To get to know them and know what makes them tick, see what they need from me, what they’re interested in, and a whole host of other things, I have to spend one on one time with them.
Sometimes that’s as simple as morning snuggle time with my little guy because he’s usually the first one up and at’em. Sometimes that’s letting my oldest up from her afternoon rest time a little early so she can be side by side with me. Sometimes that means doing school work on the couch so whoever is working can be on my lap while they do it. Sometimes it means reading Llama Llama Red Pajama 273 times on a camping trip because it’s the baby’s favorite book. Sometimes that’s walking her in 18 laps around the campground because she just needs mama to help her fall asleep.
Getting to know my kids over and over again and pursuing their hearts helps me know how I can grow as a mother to each of them.
Last year, I worked on a project, shooting videos for a course in the evenings after the kids were all in bed. And the fatigue level plus the fact that I was basically talking to myself left me so incredibly drained. I wasn’t caring for myself and I was pouring, pouring, pouring out. I was trying to fill whole spaces with fumes.
I will totally admit that I really wasn’t sure about self-care when the idea first came out. “Me time” felt selfish and it felt like I was pitting my needs against my family’s needs, and choosing myself.
What I didn’t understand then that I understand now is that you cannot pour from an empty jar. And as a wife and a mom, I can feel the tensions rise when I’m trying to pour massive amounts out of a tank that’s filled with not a whole lot.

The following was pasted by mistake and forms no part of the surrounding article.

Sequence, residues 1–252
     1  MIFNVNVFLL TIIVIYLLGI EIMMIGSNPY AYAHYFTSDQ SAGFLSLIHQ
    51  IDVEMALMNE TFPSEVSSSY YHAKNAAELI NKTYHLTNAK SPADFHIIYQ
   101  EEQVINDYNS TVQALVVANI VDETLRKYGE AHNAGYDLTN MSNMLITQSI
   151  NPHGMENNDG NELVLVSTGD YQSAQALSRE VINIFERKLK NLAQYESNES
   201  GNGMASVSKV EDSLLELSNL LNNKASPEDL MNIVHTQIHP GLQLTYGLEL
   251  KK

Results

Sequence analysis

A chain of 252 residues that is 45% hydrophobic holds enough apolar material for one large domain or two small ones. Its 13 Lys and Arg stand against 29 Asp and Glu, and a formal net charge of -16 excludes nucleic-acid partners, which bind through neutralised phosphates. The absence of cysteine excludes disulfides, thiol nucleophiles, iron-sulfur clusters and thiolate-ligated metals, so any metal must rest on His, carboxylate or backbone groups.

Getting self-care in a way that actually leaves you feeling filled up means taking the time to know yourself and what you need.
I know I’m an extrovert. I know my biggest bouts of energy come from being around people who are life giving to me. So I talk to those people a lot (thank you, unlimited texting). I set up playdates “for my kids” because the other mom and I can have good, albeit interrupted, conversations. I schedule big chunks of writing for after I’ve spent time with someone.
I am also learning that I need quiet. I need to create quiet. I need to not turn to the noise of social media and scrolling because it’s not restful or filling. It’s just noise. Sometimes I need to sit in my room with a book for 15 minutes. Sometimes my favorite minutes of the day are going to the gym, not because I love working out, but because I get to go by myself.
Maybe your thing is a group of people or a certain person. Maybe it’s something creative or relaxing. Maybe it’s something physical or quiet. Take stock in what helps you feel filled up.
It is 100% ok to go to a Bible Study during the week to get to spend time with other awesome, godly women while your kids are well-cared for in childcare instead of signing Jr. up for 3 year old Latin lessons.
It is ok to say no to any of the extras that come down the pike and free up the schedule for 10 minutes to write the thing, glue the scrapbook page, bake the cake, do the stretching.
One way that I love getting in some self-care is spending time with friends. So this week I’m hosting a PARTY to celebrate our books Intentional Love coming out and YOU are invited! You get to be home in your PJ’s, with your fave snack, and having time with friends. How great is that! At the party we’ll be talking 5 Ways to Love Your Husband with Purpose and there will be awesome giveaways, like our books and more! So you don’t want to miss this.
You can sign up to get all of the info about the Girls Night In live broadcast event here. And you can invite friends by sharing that page. Yay!
Each of these things is simple. But that doesn’t make them easy or easy to implement. Every step of this is just that – a step. It’s grace-filled growth, learning how to step into new and different things, and then figuring out how that works for you and your family. And that’s what I love to do here – walk the path of grace-filled growth as we become better versions of ourselves. I’m really glad you’re here.
What are some of your of your simple things that make you a better mom?